“Many of you are in your first class in the education program and may have a fantasy about what it’s like to be a teacher,” he said. “We’re going to address some of those misconceptions you have, but also look at how you can be a great teacher.”
The first day of the semester may have looked a little different for Dr. Paul Koch and his music students, but that couldn’t stop him and others College of Fine Arts and Production faculty members to start on a positive note.
“My overall message today was basically to look at the opportunities that we can gain as we all go through this together. I think it went pretty well.”
Koch, who threw icebreakers and reviewed the program, as is usual protocol on the first day, was pleasantly surprised by the students’ willingness to engage via Zoom.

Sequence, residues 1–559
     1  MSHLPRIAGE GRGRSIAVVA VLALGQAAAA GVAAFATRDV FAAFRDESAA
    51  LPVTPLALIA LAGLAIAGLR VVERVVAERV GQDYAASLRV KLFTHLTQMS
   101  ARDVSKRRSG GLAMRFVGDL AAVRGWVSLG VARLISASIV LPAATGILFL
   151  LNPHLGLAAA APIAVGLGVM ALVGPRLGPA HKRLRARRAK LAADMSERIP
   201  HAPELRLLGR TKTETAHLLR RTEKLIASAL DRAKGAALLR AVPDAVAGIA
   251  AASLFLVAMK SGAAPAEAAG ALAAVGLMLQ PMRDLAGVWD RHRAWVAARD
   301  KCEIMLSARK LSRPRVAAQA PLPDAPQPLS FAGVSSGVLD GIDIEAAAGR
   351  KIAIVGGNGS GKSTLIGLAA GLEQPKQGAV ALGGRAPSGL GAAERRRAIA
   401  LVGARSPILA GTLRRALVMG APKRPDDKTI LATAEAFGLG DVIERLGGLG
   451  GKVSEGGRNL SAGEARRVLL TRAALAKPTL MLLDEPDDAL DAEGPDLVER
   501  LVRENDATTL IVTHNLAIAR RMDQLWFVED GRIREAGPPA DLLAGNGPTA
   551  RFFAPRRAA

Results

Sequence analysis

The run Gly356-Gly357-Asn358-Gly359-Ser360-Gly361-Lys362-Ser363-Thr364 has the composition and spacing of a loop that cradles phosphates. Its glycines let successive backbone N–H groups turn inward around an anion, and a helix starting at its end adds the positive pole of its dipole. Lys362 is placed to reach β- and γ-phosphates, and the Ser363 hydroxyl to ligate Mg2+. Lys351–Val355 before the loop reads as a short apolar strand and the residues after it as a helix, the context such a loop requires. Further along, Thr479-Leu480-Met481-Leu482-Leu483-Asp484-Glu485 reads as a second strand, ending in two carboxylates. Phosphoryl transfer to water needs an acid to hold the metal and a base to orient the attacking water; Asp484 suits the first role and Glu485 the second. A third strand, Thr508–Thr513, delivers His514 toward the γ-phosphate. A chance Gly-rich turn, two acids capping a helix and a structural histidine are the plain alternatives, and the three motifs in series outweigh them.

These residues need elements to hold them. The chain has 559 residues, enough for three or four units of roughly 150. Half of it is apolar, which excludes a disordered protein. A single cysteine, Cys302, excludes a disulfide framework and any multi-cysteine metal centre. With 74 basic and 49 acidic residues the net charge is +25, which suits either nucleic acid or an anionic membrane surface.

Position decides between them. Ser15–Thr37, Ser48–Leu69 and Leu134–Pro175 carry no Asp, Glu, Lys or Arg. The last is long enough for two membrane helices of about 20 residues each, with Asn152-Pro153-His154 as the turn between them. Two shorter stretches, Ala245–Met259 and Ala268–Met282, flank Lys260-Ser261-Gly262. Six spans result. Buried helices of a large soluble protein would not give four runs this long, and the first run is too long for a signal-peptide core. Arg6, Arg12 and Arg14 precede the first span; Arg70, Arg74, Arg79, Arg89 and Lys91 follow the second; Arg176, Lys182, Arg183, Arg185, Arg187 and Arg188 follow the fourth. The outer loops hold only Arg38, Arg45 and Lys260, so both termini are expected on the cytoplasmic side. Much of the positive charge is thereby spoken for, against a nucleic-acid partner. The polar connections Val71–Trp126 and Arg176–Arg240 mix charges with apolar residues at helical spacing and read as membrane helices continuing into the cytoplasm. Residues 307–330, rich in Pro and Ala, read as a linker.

“I tried to open it up like I would any year,” he said. “I expected that I would have to tell some people to turn on their camera or get out of bed, but I had no problem with that. All the students were awesome. They were awake, attentive and ready for class.
It was hardly surprising when Dr Justin McLendon began his Christian Worldview 101 course with a prayer, but what might have surprised some of the freshmen in attendance was the introspection he offered with it.
Some of you may not be Christians, he told them, but he emphasized that we are all human beings and we all have value.
McLendon told the students a bit about himself — where he lives, a bit about his family, his hobbies, his passion for reading and baseball (he’s a St. Louis Cardinals fan). But its main objective “is to answer as many questions as possible”.
Not that any of the questions surprised him.